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Should the arts be doing more to increase diversity? And if so, what? In this first of three reports, Frances Richens looks at the findings from ArtsProfessional's latest Pulse survey, with a focus on diversity in the workplace.

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Questions about equality and diversity in the arts sector are not new. The Arts Council of Great Britain held a symposium called ‘The Arts and Cultural Diversity’ as long ago as 1989. But calls to deliver equality of access and to increase the diversity of voices in the sector have never been louder.

While the mainstream press may be mostly concerned about the dominance of white, privileged actors, a multitude of conversations are going on in the arts sector, from the under-representation of women in leadership positions, to the shockingly poor disabled access in West End theatres and the resistance of venues to programme work by artists from culturally diverse backgrounds. Lack of diversity is an issue across all genres of the arts and all areas of the sector’s work. It affects those working in the sector, including artists, as well as audiences.

The recent publication by Arts Council England of workforce data from its National Portfolio Organisations and the launch of its ‘Creative Case’ initiative, which aims to help organisations promote diversity, has sparked debate and motivated many to action. Monitoring demands and the requirement for equality action plans mean that arts organisations are more aware than ever of their organisation’s diversity – or lack of it.

It’s in this context that 509 UK-based respondents completed ArtsProfessional’s latest Pulse survey in June and July 2016. The survey asked those working in the arts about their organisation’s attitudes towards diversity in its workforce, its audiences and its artistic work. It included questions about the barriers to improving diversity, and what should be done to break them down, and invited respondents to leave anonymous comments about the issues raised.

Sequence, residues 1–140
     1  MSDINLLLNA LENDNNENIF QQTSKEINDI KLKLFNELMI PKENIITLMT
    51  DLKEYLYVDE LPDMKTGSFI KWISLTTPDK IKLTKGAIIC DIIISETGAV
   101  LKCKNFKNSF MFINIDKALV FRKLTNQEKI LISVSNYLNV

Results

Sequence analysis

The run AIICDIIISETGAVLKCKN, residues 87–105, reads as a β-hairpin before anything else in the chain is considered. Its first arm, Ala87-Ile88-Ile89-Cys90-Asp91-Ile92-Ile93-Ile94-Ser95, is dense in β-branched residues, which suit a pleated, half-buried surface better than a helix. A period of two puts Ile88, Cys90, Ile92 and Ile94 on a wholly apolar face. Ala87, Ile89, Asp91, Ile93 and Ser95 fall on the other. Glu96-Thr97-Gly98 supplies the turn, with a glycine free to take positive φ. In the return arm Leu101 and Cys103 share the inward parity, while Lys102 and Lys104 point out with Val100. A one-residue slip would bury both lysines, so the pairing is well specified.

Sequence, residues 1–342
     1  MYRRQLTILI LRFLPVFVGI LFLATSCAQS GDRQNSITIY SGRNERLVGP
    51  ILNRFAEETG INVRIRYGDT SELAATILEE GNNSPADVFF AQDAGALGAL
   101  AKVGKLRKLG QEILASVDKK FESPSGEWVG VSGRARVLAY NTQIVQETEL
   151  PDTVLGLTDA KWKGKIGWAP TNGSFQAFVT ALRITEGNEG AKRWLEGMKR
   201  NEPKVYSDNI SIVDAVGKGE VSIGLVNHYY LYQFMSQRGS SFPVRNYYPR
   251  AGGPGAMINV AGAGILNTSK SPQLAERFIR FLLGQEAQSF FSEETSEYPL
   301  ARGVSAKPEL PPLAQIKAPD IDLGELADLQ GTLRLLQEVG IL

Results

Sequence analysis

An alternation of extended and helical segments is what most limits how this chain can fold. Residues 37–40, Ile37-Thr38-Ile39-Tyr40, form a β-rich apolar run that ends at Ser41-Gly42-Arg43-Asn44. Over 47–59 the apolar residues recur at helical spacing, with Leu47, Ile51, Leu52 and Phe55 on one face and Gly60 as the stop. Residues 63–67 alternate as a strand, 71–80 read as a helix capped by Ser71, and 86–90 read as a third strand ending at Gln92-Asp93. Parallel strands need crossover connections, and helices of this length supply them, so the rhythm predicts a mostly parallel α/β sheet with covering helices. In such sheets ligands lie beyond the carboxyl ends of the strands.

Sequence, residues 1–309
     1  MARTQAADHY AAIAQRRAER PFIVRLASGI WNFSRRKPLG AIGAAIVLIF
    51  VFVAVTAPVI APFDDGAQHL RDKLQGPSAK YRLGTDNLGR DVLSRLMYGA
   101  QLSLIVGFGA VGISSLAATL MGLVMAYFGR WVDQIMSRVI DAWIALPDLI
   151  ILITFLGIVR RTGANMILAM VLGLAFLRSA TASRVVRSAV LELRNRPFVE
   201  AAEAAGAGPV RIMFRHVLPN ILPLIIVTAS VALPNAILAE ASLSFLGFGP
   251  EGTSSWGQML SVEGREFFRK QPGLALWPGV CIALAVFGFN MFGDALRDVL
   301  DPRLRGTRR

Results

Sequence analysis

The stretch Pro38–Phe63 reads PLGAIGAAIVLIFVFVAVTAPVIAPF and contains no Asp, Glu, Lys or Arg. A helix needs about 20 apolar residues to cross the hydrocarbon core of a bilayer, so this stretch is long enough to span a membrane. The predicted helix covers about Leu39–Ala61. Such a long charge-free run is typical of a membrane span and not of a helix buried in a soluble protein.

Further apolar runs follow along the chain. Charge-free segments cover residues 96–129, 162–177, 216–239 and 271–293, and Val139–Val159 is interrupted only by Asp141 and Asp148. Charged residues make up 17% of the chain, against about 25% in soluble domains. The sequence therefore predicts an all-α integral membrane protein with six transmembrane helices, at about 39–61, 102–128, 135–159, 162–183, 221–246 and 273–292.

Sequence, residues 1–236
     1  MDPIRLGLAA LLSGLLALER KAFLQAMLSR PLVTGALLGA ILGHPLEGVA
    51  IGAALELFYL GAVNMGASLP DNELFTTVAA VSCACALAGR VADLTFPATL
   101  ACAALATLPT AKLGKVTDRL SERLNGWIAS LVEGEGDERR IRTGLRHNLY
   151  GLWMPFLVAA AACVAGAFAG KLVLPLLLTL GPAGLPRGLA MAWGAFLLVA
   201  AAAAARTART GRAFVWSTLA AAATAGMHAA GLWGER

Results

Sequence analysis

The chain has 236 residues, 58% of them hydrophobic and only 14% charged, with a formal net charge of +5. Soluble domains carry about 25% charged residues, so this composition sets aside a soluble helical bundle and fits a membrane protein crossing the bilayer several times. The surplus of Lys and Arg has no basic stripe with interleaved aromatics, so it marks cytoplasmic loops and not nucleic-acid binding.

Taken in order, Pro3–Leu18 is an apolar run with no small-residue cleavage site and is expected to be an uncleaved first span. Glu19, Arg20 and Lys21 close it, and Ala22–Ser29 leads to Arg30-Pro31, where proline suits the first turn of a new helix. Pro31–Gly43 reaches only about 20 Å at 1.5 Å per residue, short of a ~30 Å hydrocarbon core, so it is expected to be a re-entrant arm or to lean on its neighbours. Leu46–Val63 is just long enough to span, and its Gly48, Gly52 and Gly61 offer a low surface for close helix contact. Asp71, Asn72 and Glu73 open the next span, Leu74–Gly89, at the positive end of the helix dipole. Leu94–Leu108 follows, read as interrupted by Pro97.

Read the full survey responses in the pdf document here, including over 800 comments related to diversity in the arts.

Attitudes to diversity

The survey confirms that diversity in relation to audiences and artistic work are top strategic priorities for most arts organisations. Workforce diversity was reported to be less of a priority, but still seen as important by most respondents.

Many commented along the lines of one respondent, who said: “We are well aware of the need for much greater diversity in our art form genre and are actively working to address this.” Or another, who said: “Diversity has moved further and further up our list of priorities. We firmly believe in the importance of diversity in creating a more inclusive, richer and outward looking company.”

Lip service

However, not everyone agreed that diversity was an important issue. One respondent wrote: “We do not exist to promote diversity – we exist to promote great art.”

Others though that their organisation was not doing enough to increase diversity. Around 9% said their organisation pays lip service to achieving diversity in its workforce. This was reflected in the comments. One wrote: “There is a tick box mentality rather than an enthusiasm for diversity. It is not intrinsic to our work, it is still being ‘added on’.” Another wrote: “As long as people think that we are doing what we say we are and there is no real accountability, it’s not that important.”

Some expressed exasperation at their organisation’s attitude to diversity. One wrote: “Despite meetings on how to improve diversity they never act on it.” Another: “Our organisation has responded to the political imperative around diversity but from my perspective our actions are not informed by a fundamental commitment. It feels like a set of clothes we are currently wearing but that we could and would quickly change out of if the wind changed.”